Spirulina is a powerful blue-green algae with a rich and balanced nutritional profile. When consumed with a healthy diet, this superfood offers a variety of health benefits. Spirulina is loaded with vitamins and minerals, full of antioxidants, and packed with inflammation-fighting compounds. It has a high concentration of protein and is easy to grow as a pure culture in highly alkaline water. The nutritional profile of this substance has attracted some pretty big fans — even the United Nations has proposed spirulina as a food source for malnourished countries.
Let's look at the history of spirulina, analyse its nutritional makeup, and list 10 health benefits attributed to this popular blue-green algae.
History of Spirulina
As one of the most popular health products in the world, spirulina has impacted all corners of the globe. This rich supplement has ancient origins, having been used as a food and nutritional staple for centuries by the Aztecs. Back then, spirulina was made pretty much the same way it is today — harvested from lakes and dried in the sun. The Valley of Mexico was drained by the Spanish in the 16th century, however, which was when spirulina vanished from historical records.
Sometimes known as blue spirulina, this ancient food also has a long history in Africa. In the nation of Chad, spirulina is called dihé and eaten by the local Kanembu people. They make dried cakes of the substance to eat and sell in the market. Modern-day Chad is still involved in large-scale spirulina production.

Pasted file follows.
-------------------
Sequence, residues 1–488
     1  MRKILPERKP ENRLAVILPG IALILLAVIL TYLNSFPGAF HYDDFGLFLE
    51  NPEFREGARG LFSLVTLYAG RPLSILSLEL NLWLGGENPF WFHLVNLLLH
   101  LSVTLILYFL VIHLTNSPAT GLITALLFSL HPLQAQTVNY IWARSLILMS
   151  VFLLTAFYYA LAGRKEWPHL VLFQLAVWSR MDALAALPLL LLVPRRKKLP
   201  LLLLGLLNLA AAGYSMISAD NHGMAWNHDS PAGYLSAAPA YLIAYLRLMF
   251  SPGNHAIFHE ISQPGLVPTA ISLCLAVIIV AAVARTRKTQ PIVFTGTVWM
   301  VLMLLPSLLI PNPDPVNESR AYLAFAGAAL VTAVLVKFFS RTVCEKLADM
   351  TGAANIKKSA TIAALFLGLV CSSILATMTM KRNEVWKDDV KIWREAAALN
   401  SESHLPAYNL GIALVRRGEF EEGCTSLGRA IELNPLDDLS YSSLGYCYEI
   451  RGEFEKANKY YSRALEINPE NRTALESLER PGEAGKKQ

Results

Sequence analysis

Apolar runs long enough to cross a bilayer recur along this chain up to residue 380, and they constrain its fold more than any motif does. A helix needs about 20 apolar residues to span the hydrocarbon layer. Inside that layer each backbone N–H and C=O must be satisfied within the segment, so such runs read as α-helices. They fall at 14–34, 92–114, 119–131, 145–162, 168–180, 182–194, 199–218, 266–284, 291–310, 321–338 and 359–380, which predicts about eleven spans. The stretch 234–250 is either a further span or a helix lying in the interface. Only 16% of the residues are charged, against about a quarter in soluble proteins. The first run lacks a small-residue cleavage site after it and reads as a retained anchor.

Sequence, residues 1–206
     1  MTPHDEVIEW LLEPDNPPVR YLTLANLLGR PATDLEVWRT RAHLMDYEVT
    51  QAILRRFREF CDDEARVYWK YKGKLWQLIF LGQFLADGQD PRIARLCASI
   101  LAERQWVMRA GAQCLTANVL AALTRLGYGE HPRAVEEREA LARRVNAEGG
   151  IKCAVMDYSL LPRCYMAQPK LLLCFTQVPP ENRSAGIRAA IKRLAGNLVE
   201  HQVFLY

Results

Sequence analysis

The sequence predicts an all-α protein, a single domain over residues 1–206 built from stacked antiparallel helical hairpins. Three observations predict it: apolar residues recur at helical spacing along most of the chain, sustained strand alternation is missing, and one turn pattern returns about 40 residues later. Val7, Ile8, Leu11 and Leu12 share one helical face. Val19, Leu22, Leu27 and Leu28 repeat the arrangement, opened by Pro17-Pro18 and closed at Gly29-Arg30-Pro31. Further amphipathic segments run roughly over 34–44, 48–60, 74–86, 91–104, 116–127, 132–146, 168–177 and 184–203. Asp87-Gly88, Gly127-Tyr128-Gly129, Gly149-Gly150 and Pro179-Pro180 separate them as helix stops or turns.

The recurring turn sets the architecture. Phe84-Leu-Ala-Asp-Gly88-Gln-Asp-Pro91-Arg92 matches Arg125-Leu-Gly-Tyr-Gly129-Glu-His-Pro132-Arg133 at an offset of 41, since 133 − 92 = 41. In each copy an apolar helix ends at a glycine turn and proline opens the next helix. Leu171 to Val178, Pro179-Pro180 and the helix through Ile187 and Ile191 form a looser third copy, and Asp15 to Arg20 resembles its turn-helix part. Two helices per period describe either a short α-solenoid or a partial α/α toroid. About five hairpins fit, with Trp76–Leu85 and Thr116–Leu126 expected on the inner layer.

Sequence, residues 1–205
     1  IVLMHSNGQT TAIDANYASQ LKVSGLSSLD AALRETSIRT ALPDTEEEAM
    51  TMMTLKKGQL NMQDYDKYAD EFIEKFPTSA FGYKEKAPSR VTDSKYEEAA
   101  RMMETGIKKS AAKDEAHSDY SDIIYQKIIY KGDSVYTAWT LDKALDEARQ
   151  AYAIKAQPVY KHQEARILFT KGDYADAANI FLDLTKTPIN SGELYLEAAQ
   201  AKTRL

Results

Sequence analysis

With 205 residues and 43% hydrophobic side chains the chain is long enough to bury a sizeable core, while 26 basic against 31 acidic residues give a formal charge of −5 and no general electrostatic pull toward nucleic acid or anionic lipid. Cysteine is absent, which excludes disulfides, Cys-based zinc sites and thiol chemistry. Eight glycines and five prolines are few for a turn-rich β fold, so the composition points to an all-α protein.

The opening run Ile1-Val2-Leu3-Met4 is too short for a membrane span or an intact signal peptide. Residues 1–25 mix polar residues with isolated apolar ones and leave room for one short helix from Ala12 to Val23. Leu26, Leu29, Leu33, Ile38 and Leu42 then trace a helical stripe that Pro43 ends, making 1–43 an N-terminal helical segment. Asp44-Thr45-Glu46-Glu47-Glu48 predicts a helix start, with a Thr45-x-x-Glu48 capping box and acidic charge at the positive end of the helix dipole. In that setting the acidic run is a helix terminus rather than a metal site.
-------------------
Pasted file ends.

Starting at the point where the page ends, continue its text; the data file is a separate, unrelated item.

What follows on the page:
Western scientific knowledge of spirulina is much more recent, however, with the first systematic study taking place in the 1970s. As the world discovered more about this wonderful algae, commercial cultivation began on many continents.
From California’s Imperial Valley to Earthrise Farms in Japan, large-scale production of spirulina started to occur in the 1980s. Spirulina was initially farmed as fish food and natural pigment, and it's still used today to colour commercial food products. The nutritional benefits of spirulina soon came to the foreground, however, with the last few decades seeing a huge jump in spirulina sales and consumption. According to Persistence Market Research, the global market for spirulina is estimated to grow from $719 million in 2016 to $1,855.8 million in 2026, which is an annual growth rate of around 10%.
Nutritional Profile of Spirulina
Global interest in spirulina is due to its amazing nutritional profile, which includes many nutrients essential to human survival. This rich blue-green algae consists of 60% protein, 24% carbohydrates, 8% fat, and 5% water. Along with protein, notable nutrients include numerous B vitamins, iron, manganese, and various fatty acids. Spirulina is also relatively easy and ecologically friendly to cultivate, which is a huge advantage for global food security. Helping to fight global malnutrition, and even consumed by astronauts in long-term space flight, spirulina really is a superfood.
Spirulina includes the following vitamins and minerals, based on dried materials and recommended daily value percentages:
- Vitamin B1, thiamine - 207%
- Vitamin B2, riboflavin - 306%
- Vitamin B3, niacin - 85%
- Vitamin B5, pantothenic acid - 70%
- Vitamin B6 - 28%